4. The seven spiritual laws for parents... Used Hardcover $1.95

Related Subjects

» BLOCKED
» Biography » General
» Featured Titles » Bestsellers
» Featured Titles » Biography
» Featured Titles » General
» Featured Titles » New Arrivals
» Featured Titles » Staff Picks
» Fiction and Poetry » Horror » General
» Fiction and Poetry » Literature » Featured Titles
» Health and Self-Help » Health and Medicine » Featured Titles
» Health and Self-Help » Psychology » Cognitive Science
» Health and Self-Help » Self-Help » Biographies
» Health and Self-Help » Self-Help » General
» Health and Self-Help » Self-Help » Memoirs
» Religion » Comparative Religion » General
» Science and Mathematics » Physics » Nuclear

The Happiness Project: Or, Why I Spent a Year Trying to Sing in the Morning, Clean My Closets, Fight Right, Read Aristotle and Generally Have More Fun Used Trade Paper
0 stars - 0 reviews
$8.95 In Stock
Product details 336 pages Harper Paperbacks - English 9780061583261 Reviews:
"Publishers Weekly Review" by , "Rubin is not an unhappy woman: she has a loving husband, two great kids and a writing career in New York City. Still, she could-and, arguably, should-be happier. Thus, her methodical (and bizarre) happiness project: spend one year achieving careful, measurable goals in different areas of life (marriage, work, parenting, self-fulfillment) and build on them cumulatively, using concrete steps (such as, in January, going to bed earlier, exercising better, getting organized, and 'acting more energetic'). By December, she's striving bemusedly to keep increasing happiness in every aspect of her life. The outcome is good, not perfect (in accordance with one of her 'Secrets of Adulthood': 'Don't let the perfect be the enemy of the good'), but Rubin's funny, perceptive account is both inspirational and forgiving, and sprinkled with just enough wise tips, concrete advice and timely research (including all those other recent books on happiness) to qualify as self-help. Defying self-help expectations, however, Rubin writes with keen senses of self and narrative, balancing the personal and the universal with a light touch. Rubin's project makes curiously compulsive reading, which is enough to make any reader happy." Publishers Weekly (Starred Review) (Copyright Reed Business Information, Inc.)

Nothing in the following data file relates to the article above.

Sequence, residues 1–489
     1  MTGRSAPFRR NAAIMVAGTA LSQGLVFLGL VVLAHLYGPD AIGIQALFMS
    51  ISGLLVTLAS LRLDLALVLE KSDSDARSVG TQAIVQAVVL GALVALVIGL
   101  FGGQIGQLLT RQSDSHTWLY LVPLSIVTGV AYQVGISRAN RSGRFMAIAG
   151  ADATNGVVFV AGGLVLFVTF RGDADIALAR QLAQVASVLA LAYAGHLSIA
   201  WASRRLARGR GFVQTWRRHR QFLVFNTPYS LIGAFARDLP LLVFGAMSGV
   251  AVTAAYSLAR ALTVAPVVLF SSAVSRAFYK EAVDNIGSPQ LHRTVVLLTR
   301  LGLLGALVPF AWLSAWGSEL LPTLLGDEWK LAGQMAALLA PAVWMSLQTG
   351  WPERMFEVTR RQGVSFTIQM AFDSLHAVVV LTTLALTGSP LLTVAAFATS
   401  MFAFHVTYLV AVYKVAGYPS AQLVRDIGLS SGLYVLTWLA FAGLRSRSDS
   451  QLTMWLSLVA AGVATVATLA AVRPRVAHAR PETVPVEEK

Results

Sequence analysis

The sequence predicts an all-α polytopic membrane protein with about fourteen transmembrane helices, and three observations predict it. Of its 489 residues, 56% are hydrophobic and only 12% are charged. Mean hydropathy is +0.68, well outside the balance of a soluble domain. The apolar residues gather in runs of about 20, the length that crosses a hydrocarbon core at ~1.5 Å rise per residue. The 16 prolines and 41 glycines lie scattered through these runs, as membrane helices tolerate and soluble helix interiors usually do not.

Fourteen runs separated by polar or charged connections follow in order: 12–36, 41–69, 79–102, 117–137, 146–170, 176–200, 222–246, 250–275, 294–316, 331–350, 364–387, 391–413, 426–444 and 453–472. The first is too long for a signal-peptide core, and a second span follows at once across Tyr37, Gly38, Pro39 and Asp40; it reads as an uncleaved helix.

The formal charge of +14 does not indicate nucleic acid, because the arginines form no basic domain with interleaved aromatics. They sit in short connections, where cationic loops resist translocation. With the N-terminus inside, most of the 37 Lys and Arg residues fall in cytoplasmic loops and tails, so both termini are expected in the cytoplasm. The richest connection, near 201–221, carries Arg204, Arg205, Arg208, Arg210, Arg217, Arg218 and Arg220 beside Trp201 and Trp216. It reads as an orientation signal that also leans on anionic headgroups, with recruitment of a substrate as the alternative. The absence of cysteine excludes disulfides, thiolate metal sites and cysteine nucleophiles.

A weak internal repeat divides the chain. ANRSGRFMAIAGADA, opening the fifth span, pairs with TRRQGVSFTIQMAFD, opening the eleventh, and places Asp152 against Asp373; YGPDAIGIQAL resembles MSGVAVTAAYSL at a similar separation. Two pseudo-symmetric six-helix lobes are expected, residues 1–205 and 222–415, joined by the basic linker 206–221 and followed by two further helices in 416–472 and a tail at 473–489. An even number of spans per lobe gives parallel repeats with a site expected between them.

"Review" by , "Practical and never preachy . . . the rare self-help tome that doesn’t feel shameful to read."
"Review" by , "For those who generally loathe the self-help genre, Rubin’s book is a breath of peppermint-scented air. Well-researched and sharply written...Rubin takes an orderly, methodical approach to forging her own path to a happier state of mind."
"Review" by , "This book made me happy in the first five pages." AJ Jacobs, author of The Year of Living Biblically: One Man's Humble Quest to Follow the Bible as Literally as Possible